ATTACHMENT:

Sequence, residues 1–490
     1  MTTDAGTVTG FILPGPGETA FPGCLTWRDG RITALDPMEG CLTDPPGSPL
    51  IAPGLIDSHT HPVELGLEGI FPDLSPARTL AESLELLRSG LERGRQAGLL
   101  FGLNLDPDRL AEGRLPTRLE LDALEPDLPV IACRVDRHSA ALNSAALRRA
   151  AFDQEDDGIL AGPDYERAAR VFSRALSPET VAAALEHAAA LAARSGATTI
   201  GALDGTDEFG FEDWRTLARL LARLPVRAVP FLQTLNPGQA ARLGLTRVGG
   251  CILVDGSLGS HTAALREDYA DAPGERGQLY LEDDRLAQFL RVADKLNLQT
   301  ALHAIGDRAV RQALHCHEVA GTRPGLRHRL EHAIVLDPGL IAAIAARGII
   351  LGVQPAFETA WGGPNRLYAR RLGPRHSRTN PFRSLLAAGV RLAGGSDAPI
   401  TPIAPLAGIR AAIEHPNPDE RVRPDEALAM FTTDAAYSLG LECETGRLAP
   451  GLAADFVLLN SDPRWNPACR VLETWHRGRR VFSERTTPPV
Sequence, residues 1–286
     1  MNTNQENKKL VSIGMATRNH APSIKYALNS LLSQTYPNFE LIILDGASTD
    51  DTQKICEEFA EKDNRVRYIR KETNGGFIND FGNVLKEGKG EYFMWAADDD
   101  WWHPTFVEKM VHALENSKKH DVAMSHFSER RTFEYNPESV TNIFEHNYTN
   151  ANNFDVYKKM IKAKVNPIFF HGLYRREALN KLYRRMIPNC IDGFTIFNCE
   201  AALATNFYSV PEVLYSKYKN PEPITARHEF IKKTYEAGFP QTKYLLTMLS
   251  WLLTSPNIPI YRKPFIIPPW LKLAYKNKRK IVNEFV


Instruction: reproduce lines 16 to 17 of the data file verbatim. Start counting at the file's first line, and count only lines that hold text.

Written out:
   151  ANNFDVYKKM IKAKVNPIFF HGLYRREALN KLYRRMIPNC IDGFTIFNCE
   201  AALATNFYSV PEVLYSKYKN PEPITARHEF IKKTYEAGFP QTKYLLTMLS